Michelle Wong | Asia Art Archive, Hong Kong
Riding the new waves: ‘Meishu Sichao’ (1984-1987) as platform of self-definition and self-instruction
Natalie Seiz | Art Gallery of NSW
Artistic types across generations: descriptors of difference amongst contemporary women artists in Taiwan
1:00–14:15 LUNCH BREAK
14:15–16:00 Session 3 – Visions
Chair: Chaitanya Sambrani, Australian National University
Simon Soon | University of Sydney
Along other historical sightlines: landscapes as condition of being
Kedar Vishwanathan | University of Sydney
Indian nationalism: the Bengal School and Chittoprasad Bhattacharya
William Ray Langenbach | University for the Arts Helsinki
Standing still is advancing forward: nationalist teleology and self-reliance in Singaporean and North Korean art and performance
Sophie McIntyre | Australian National University
The rise of China and cross-Strait relations in art from Taiwan
16:00–16:30 AFTERNOON TEA
16.30–17.30 Special Session – Asia-Australia artistic engagement in practice
Chair: Francis Maravillas, University of Technology, Sydney
John Young, visual artist, Melbourne
Kim Machan, curator and director of Media Art Asia Pacific, Brisbane
17:30–18:15 KEYNOTE SPEAKER
Mizusawa Tsutomu | Museum of Modern Art Hayama, Kamakura, Japan
Depicting the City: Fragmented Memory, Reality and Future - the example of modern Japanese art
DAY 2: SATURDAY, 30 NOVEMBER
Venue morning: Centenary Auditorium (Lower Level 1), Art Gallery of New South Wales
Venue afternoon: Domain Theatre (Lower Level 3), Art Gallery of New South Wales
9.45-9.55 WELCOME in the Centenary Auditorium by Khanh Trinh, curator of Japanese and Korean art, Art Gallery of New South Wales
9.55–11.40 Session 4 – Challenging Traditions
Chair: Chiaki Ajioka, independent scholar & board member of Australia-Japan Foundation
Rhiannon Paget | University of Sydney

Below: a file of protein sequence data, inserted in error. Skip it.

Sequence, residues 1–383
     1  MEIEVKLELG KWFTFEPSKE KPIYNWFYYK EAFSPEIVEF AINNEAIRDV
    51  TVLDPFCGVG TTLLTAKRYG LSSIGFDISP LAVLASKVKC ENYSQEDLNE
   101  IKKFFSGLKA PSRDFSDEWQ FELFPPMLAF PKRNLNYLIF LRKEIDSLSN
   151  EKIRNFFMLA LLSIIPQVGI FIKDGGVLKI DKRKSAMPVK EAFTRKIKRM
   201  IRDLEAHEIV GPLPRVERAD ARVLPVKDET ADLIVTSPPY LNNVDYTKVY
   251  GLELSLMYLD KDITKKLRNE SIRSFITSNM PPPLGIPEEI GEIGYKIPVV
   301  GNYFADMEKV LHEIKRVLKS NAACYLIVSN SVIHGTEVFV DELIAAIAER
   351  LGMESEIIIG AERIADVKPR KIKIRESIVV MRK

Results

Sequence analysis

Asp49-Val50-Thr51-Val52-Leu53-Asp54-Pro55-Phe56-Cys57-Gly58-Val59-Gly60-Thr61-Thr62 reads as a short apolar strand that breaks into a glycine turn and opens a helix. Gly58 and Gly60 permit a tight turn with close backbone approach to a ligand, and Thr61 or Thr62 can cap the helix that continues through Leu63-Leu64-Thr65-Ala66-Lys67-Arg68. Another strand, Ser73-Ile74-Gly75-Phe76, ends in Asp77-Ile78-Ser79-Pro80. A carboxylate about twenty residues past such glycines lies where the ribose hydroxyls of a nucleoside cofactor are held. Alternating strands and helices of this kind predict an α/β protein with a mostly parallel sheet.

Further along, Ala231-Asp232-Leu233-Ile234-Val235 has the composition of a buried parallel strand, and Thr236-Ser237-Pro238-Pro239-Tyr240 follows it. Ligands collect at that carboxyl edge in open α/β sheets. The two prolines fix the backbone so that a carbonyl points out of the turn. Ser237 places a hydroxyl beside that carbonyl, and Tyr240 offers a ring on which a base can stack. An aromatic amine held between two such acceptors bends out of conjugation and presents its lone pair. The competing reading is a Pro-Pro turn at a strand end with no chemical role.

Being old fashioned in modern Japan: the making of a platform and an audience for literati painting (nanga) in the early 20th century
Hsieh Shih-ying | National Museum of History, Taipei
The negotiation with modernity: Taiwanese temple painter Pan Chunyuan of the Japanese period
Phoebe Scott | National Art Gallery, Singapore
Representing worlds in transition: on two early examples of modern Vietnamese art
Changkyu Lee | State University of New York
Sacred possession and eternal consumption: the spiritual reconciliation of Islamic painting in Southeast Asia
11:40–11:50 SHORT BREAK
11:50–12:45 Session 5 – Contemporaries (Part One)
Chair: Olivier Krischer, Australian National Univeristy
Anne Kirker | Queensland College of Art and Griffith University
Counterpointing the ‘hanga’ (prints) of Noda Tetsuya and Shimada Yoshiko
Eva Bentcheva | School of Oriental and African Studies, University of London
Escaping the na(rra)tive in 1960s’ Britain: David Medalla’s fusion of Asian iconography and performance art
12.45–13.30 LUNCH BREAK
AFTERNOON VENUE: Domain Theatre (Lower Level 3), Art Gallery of New South Wales
13:30–14:25 Session 5 – Contemporaries (Part Two)
Reiko Tomii | Independent scholar, New York
Gutai’s Phase Zero: Reading Yoshihara Jirō on Pollock against Takiguchi Shūzō
Juliane Noth | Freie Universität Berlin